Life Extension Magazine February 2005
Do Your Antioxidants Suppress Enough Free Radicals?
By Jim English
In 1991, researchers in Kyoto, Japan, demonstrated that sesamin lignans effectively inhibit delta-5 desaturase, the enzyme responsible for converting DGLA into highly inflammatory arachidonic acid.35
This anti-inflammatory effect was also noted in animals that were fed linseed oil and sesame lignans. Linseed oil is a source of DGLA. Linseed and sesame lowered blood levels of tumor necrosis factor-alpha and PGE-2, two inflammatory mediators. Feeding rats sesame led to significant accumulations of DGLA in the tissues and reduced inflammation caused by tumor necrosis factor-alpha and PGE-2.36
An undesirable side effect of supplementing with highly polyunsaturated fats is increased production of free radicals. The addition of sesame lignans to fish oil can help lower lipid peroxidation rates caused by the fish oil. Sesame suppresses the formation of lipid peroxides from docosahexaenoic acid (DHA), which is highly susceptible to oxidation but is also one of the primary omega-3 fatty acids in fish oil that block inflammation. The combination of sesame with fish oil thus helps to enhance the fish oil’s anti-inflammatory effects by protecting it from lipid peroxidation.37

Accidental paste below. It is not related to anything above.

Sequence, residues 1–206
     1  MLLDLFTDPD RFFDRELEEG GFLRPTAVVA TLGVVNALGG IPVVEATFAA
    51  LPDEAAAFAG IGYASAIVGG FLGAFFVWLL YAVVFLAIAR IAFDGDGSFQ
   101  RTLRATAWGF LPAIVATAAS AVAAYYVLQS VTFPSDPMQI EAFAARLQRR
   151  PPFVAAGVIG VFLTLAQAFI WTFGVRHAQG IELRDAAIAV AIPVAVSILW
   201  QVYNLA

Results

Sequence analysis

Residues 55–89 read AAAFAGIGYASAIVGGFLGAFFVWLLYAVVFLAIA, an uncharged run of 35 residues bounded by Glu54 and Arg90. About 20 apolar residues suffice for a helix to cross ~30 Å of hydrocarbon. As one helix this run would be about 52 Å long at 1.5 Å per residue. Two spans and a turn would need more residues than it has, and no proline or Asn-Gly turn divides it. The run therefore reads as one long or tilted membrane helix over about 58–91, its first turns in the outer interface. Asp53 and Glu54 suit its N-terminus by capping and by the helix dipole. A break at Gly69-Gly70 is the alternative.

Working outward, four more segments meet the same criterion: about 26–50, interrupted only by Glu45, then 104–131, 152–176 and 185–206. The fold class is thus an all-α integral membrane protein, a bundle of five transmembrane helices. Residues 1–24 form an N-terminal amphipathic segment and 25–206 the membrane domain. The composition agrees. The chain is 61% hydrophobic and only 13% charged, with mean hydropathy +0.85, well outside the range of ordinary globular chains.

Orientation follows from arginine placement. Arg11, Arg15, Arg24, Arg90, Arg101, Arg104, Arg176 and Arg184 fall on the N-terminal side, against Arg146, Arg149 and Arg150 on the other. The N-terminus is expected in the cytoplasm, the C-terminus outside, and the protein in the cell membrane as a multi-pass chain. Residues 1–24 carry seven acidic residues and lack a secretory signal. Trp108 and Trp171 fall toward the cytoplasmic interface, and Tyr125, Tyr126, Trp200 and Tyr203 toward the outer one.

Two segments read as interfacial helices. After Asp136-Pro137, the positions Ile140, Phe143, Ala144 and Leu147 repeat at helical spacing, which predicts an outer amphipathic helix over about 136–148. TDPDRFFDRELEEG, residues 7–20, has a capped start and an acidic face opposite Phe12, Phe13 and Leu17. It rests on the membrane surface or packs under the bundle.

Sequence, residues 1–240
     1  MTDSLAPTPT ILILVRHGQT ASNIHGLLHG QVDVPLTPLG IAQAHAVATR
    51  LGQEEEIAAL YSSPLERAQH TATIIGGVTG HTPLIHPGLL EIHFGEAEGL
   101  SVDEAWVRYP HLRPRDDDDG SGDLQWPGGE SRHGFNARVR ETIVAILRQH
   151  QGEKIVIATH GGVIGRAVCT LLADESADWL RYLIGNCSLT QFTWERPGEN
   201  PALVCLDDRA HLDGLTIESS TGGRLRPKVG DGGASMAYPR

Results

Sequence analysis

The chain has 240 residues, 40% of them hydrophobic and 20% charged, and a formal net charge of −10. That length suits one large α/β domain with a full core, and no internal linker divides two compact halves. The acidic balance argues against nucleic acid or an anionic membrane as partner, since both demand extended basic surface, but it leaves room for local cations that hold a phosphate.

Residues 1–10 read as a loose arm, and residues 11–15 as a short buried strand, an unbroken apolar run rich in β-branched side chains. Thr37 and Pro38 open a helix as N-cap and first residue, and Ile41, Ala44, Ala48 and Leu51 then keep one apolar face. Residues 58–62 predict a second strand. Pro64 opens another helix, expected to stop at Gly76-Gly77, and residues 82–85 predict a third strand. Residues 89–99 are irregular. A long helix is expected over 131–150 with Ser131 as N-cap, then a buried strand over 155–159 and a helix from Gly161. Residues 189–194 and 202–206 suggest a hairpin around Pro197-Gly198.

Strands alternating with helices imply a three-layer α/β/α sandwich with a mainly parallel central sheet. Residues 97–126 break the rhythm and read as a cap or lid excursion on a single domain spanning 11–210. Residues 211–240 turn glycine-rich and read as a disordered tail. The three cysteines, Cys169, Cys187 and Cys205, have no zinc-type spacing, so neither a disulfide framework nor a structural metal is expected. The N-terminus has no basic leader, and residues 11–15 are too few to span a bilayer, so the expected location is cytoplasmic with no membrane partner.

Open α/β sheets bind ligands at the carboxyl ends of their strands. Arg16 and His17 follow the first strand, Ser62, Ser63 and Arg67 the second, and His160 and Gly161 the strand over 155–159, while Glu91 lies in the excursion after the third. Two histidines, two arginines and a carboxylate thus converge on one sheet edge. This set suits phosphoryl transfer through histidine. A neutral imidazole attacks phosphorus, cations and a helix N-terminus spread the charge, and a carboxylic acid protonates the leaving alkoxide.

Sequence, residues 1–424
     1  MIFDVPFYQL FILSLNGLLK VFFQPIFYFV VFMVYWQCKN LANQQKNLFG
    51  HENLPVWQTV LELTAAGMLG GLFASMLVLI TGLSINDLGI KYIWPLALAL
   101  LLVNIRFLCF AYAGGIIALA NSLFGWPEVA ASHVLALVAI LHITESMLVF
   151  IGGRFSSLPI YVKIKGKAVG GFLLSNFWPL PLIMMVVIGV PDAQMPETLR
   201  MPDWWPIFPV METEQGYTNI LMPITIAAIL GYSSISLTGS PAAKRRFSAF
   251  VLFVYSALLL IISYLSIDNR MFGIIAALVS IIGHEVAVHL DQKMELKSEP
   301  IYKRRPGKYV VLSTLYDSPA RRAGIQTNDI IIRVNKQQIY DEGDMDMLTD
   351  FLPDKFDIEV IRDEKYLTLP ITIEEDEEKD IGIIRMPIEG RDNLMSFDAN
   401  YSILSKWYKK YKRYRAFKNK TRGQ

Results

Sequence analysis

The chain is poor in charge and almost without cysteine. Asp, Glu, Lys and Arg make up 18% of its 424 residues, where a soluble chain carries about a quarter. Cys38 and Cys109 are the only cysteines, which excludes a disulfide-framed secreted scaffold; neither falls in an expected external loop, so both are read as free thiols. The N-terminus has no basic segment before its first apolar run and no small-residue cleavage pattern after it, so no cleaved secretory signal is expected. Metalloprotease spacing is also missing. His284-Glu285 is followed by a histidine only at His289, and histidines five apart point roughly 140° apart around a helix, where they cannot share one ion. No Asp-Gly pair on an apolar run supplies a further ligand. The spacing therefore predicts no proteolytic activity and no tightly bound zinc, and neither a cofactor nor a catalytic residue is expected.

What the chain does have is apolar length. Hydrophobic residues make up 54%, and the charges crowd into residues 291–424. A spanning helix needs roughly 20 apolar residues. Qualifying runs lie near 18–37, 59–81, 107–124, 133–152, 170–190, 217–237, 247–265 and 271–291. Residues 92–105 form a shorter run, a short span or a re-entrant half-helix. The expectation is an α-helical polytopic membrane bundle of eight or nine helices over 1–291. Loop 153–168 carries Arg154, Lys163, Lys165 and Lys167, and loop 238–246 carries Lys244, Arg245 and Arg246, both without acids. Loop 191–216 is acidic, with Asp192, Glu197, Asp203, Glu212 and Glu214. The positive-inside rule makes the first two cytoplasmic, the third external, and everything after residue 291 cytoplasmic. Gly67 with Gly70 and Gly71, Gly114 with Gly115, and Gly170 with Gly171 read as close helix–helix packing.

Sesame Lignans May Support Weight Loss
Optimizing the liver’s oxidation of fatty acids has been proposed to help promote fat loss.38 Numerous studies suggest that sesame lignans may aid in weight loss by enhancing fatty acid oxidation in liver tissues. In a study of rats, the addition of sesamin, one of the most abundant sesame lignans, increased the activity of numerous fatty acid oxidation enzymes.39 While this effect was observed in all groups of rats given various dietary oils, it was especially pronounced in rats consuming fish oil.39 Fish oil appears to act synergistically with sesame lignans to promote fat burning.